"But Reifenstahl, remember, was naive, or in denial. And her work is not an attempt to explore anything--it's very much about surfaces. And "ideals"--physical ideals. To me, however, this is more closely related to a blind sense of "craft"--a puritanical strain in the arts--than it is with consciously allowing yourself, as an artist, to go somewhere you'd been avoiding. For instance, Kathy Acker, especially early Kathy Acker. Whose book, Great Expectations, when I first read it, horrified me--but in a very different way than thinking about Riefenstahl horrifies me. Acker horrified me because she saw the world in a particular, horrifying, way. Riefenstahl horrifies because she *doesn't* see it."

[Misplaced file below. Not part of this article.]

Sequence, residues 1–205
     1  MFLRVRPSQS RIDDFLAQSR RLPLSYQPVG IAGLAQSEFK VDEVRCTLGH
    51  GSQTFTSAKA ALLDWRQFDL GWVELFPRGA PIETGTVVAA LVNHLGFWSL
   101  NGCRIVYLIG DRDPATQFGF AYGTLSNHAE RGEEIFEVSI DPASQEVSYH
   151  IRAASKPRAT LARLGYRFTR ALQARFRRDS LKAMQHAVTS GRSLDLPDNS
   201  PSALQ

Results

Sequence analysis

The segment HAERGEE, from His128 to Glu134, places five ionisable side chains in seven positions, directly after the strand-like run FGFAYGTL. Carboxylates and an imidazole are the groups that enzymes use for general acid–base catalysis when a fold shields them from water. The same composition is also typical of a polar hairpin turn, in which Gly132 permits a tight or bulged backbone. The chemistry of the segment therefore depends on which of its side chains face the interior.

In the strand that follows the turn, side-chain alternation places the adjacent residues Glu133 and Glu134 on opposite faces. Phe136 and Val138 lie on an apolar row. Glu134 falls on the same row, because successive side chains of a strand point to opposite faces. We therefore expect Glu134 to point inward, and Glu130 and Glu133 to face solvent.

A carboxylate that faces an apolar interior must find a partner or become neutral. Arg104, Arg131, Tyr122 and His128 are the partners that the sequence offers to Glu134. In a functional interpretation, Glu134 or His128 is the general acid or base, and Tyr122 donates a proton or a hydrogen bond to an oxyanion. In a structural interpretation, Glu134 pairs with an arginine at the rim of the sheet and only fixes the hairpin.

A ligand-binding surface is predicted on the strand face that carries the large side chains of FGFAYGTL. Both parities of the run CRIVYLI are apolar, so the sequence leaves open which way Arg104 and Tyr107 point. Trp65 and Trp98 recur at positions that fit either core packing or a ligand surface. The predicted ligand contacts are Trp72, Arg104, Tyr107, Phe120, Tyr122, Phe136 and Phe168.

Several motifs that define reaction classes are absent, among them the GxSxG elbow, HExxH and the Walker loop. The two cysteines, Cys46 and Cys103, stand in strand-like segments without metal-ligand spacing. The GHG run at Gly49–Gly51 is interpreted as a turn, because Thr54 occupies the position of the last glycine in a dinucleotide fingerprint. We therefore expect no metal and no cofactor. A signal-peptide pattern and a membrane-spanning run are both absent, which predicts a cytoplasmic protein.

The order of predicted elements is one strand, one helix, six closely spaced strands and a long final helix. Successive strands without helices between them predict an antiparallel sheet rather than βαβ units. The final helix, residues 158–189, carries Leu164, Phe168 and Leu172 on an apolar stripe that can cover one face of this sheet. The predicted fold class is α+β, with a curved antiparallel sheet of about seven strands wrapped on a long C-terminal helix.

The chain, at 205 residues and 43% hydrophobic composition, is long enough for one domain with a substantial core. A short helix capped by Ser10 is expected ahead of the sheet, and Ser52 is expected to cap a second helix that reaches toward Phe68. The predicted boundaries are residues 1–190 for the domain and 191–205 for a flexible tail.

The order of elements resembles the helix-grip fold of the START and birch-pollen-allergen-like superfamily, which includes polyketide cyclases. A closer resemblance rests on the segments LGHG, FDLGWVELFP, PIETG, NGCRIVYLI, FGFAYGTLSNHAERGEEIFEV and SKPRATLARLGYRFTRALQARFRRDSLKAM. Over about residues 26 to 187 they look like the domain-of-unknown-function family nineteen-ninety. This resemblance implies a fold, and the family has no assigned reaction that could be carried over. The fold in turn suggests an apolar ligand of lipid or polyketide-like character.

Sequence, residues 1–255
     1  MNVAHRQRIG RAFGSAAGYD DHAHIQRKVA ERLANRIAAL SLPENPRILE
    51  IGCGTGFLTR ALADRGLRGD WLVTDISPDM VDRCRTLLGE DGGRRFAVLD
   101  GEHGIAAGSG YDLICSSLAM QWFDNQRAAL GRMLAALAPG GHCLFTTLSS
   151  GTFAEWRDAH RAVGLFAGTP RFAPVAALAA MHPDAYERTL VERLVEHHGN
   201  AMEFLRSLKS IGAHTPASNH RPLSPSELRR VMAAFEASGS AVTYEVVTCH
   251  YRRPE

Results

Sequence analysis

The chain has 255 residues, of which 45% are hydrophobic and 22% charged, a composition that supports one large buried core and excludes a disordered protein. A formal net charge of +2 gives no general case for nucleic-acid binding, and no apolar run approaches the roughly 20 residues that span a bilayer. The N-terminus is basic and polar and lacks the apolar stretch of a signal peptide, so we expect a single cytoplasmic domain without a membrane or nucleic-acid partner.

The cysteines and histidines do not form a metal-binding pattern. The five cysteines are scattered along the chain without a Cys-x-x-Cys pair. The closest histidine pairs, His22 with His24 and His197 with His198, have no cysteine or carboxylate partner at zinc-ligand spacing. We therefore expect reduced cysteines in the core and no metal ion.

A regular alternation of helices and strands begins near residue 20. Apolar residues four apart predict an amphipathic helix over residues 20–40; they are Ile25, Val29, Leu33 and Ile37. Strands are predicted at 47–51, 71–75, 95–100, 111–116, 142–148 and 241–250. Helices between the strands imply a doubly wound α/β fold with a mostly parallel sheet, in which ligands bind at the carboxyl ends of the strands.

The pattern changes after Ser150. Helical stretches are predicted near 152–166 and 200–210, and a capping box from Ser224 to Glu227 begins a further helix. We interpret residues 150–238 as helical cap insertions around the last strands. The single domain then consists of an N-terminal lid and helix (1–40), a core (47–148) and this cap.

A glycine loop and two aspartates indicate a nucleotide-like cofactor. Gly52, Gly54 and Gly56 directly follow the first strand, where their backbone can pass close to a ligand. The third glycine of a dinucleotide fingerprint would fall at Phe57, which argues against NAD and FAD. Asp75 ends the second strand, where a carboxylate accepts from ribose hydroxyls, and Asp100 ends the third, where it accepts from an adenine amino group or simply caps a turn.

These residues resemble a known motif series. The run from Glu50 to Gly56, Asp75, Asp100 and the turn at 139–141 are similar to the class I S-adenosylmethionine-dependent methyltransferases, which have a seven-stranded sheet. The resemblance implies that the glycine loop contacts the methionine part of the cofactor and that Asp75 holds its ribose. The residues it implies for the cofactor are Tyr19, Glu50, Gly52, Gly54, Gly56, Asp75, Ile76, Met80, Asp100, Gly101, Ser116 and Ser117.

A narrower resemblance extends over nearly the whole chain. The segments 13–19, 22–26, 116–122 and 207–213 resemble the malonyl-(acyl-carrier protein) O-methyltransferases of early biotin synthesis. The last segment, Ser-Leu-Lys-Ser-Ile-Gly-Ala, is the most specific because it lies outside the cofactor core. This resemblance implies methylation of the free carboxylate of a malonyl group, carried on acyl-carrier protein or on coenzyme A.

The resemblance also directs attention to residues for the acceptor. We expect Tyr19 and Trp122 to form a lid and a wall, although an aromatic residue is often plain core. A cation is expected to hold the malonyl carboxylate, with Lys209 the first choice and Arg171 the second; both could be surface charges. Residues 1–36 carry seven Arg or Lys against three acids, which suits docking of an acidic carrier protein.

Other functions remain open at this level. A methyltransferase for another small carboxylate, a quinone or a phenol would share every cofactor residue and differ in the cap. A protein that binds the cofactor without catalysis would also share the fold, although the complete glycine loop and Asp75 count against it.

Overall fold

Yes, after I saw that documentary, I thought, anyone who says poetry isn't political- it's a just craft and formal art, is on the same page as Reifenstahl. Triumph of the Will does explore something, though.
Though Reifenstahl's artistic denial is probably the most spectacular example of an artist's denial that the world has ever known, this doesn't change the fact that her art embodies the absolute blind love of unregulated authoritarian state power. That's what Triumph of the Will gets across, that's what it explores. Political values can’t be kept out of art because the unconscious is political. The mind is political.
Acker is maybe the exact opposite of Reifenstahl. She intentionally locates and scrutinizes messed up internalized states and dramatizes them. It almost always comes across as dead-serious social critique. Acker's is a ethical and moral writing, like Oppen's, though it operates with a different mechanism.